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 So tonight my roommate and I watched three things. 

Completely by accident, all three ended up being narratives that took place primarily in a single location, and could easily be rewritten as a play.

First up was Let Us Prey, a film I've been meaning to see for ages and never gotten around to. My roommate hadn't seen it either. All I knew going in was Liam Cunningham played the Devil, basically, and a vague memory of a trailer I saw like, last year, and that it had good reviews. It was an odd little movie, very cheap to make obviously, but they used their money well and managed to make a good solid film. Some very artistic shots. It did not go in the directions I thought it was going at all, right up until the very end even. Some great gore. Some vile characters, but they were assholes in realistic ways, not horror movie assholes who were too over the top. The film built up well too, something happens towards the end that would be ridiculous if they just started with it, but because of the tension and gory moments ratcheting up throughout the story, it worked. At least, it worked for me. Liam Cunningham was a fabulous Devil. Every movement he made was measured and deliberate, and his dialogue was precise. Some good spooks in this one that even freaked out my normally calm roommate. 
And, mostly for personal reasons, I've been waiting for YEARS for a movie to end like this one did. I don't dare spoil that though. 
I'm not sure this one will stick with me as much as another movie would, there's nothing especially epic or special about it, but it's a solid little film I wouldn't mind rewatching with friends somewhere down the line.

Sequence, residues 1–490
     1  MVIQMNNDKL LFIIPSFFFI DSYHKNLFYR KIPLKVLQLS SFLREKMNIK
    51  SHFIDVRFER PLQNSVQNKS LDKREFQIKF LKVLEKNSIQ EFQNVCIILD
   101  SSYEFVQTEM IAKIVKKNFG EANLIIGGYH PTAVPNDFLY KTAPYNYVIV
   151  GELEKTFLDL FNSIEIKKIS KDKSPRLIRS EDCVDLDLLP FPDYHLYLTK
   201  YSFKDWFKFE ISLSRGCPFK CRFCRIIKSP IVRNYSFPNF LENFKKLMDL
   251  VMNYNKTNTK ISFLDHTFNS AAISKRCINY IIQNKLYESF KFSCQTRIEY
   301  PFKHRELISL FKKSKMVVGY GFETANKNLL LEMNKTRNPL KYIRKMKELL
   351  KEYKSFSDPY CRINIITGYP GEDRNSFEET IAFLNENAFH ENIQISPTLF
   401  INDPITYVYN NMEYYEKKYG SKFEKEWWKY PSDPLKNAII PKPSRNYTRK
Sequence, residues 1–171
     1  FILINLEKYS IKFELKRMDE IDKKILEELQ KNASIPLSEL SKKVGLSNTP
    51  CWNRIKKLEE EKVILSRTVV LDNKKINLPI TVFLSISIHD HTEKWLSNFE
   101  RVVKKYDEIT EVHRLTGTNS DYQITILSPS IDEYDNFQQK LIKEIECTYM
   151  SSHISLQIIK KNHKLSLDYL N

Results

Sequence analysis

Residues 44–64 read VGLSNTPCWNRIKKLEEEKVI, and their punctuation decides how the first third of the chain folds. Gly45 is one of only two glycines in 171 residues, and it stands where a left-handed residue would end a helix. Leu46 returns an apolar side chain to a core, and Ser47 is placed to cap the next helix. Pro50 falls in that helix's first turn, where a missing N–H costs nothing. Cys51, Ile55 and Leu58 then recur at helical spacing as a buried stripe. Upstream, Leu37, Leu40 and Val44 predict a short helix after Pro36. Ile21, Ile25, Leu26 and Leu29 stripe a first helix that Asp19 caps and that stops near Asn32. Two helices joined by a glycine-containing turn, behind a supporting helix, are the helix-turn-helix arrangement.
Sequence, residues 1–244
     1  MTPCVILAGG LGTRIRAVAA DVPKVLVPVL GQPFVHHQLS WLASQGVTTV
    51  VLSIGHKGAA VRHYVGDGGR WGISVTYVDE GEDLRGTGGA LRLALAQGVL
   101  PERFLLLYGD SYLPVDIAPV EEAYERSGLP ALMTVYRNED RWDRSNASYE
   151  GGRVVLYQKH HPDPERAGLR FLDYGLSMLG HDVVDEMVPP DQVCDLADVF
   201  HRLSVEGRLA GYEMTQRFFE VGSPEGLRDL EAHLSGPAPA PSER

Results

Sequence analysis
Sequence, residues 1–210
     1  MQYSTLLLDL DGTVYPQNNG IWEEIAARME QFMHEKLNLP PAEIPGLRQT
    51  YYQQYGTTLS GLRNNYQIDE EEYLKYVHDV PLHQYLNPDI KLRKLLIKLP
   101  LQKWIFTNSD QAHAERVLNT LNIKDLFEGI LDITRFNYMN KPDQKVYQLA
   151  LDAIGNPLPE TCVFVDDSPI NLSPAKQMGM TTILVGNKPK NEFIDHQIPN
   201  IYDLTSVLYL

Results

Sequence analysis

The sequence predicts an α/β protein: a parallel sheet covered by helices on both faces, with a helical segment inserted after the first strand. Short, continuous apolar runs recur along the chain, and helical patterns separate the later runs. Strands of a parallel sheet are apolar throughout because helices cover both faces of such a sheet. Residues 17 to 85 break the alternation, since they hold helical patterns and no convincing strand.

Next up was the Twilight Zone episode "The Obsolete Man," which my roommate suggested. FANTASTIC. My gods. Just ... wow. What can be said about this that hasn't already been said for decades? I could see how famous filmmakers have studied this episode for aesthetics and concepts and homaged it in their works ever since. A truly great little episode. Never seen someone passive-aggressively read the Bible to someone, but that was a great moment. Plus, who doesn't love seeing Burgess Meredith do literally anything? Nice creepy little story, with a very important message that, unfortunately, is very relevant in today's world. Totalitarianism, devaluing and distrust of education and literature, and politicians questioning the need for libraries, these are issues that sadly we haven't moved past now, more than 50 years after this episode aired.
This one is gonna stick with me for a long time, I have no doubt. 


Last of the evening was Murder Party. I've been meaning to see this for ages. I know the later work of the writer/director, Jeremy Saulnier, his latest work Green Room remains the best film I've seen all year, and Blue Ruin won a ton of acclaim from people whose opinions I tend to trust (but I haven't seen it yet.) Though this film showed obvious signs of low budget, which my roommate and I were quick to spot being former film students ourselves, it's a really great movie. Horrible, gory, all over the place, twists and turns, commentaries on commentaries on modern art, but what surprised me the most was how FUNNY it was. There's a gag about 20 minutes in that had me laughing so hard I think I woke up the entire apartment complex. I knew Jeremy Saulnier was talented as fuck, but I didn't know he was FUNNY. Green Room had a few jokes but it was not a funny movie at all, and from what I hear Blue Ruin is a brutal movie too. So this took me completely by surprise in all the right ways. Plus, where else can you find a movie with two bisexual characters where that's not a big deal or the point of their characters at all.
This movie was obviously cheap and it isn't the best thing ever, but I enjoyed it a lot. I think it's gonna become one of my Halloween go-to movies, especially when hanging out with fellow former film-students. 

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